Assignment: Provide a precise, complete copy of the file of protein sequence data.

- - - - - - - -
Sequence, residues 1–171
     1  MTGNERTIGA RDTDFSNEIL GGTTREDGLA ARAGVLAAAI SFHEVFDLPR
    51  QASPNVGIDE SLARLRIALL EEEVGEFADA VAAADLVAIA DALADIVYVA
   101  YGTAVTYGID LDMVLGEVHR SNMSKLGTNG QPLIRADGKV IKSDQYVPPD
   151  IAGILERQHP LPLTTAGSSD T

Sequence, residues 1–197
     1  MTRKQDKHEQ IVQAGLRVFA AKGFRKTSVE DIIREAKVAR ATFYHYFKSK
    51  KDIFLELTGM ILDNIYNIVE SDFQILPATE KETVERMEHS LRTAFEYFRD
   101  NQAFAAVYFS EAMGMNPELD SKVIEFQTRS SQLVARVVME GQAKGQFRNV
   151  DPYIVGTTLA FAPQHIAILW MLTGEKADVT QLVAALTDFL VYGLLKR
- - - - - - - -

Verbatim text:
Sequence, residues 1–171
     1  MTGNERTIGA RDTDFSNEIL GGTTREDGLA ARAGVLAAAI SFHEVFDLPR
    51  QASPNVGIDE SLARLRIALL EEEVGEFADA VAAADLVAIA DALADIVYVA
   101  YGTAVTYGID LDMVLGEVHR SNMSKLGTNG QPLIRADGKV IKSDQYVPPD
   151  IAGILERQHP LPLTTAGSSD T

Sequence, residues 1–197
     1  MTRKQDKHEQ IVQAGLRVFA AKGFRKTSVE DIIREAKVAR ATFYHYFKSK
    51  KDIFLELTGM ILDNIYNIVE SDFQILPATE KETVERMEHS LRTAFEYFRD
   101  NQAFAAVYFS EAMGMNPELD SKVIEFQTRS SQLVARVVME GQAKGQFRNV
   151  DPYIVGTTLA FAPQHIAILW MLTGEKADVT QLVAALTDFL VYGLLKR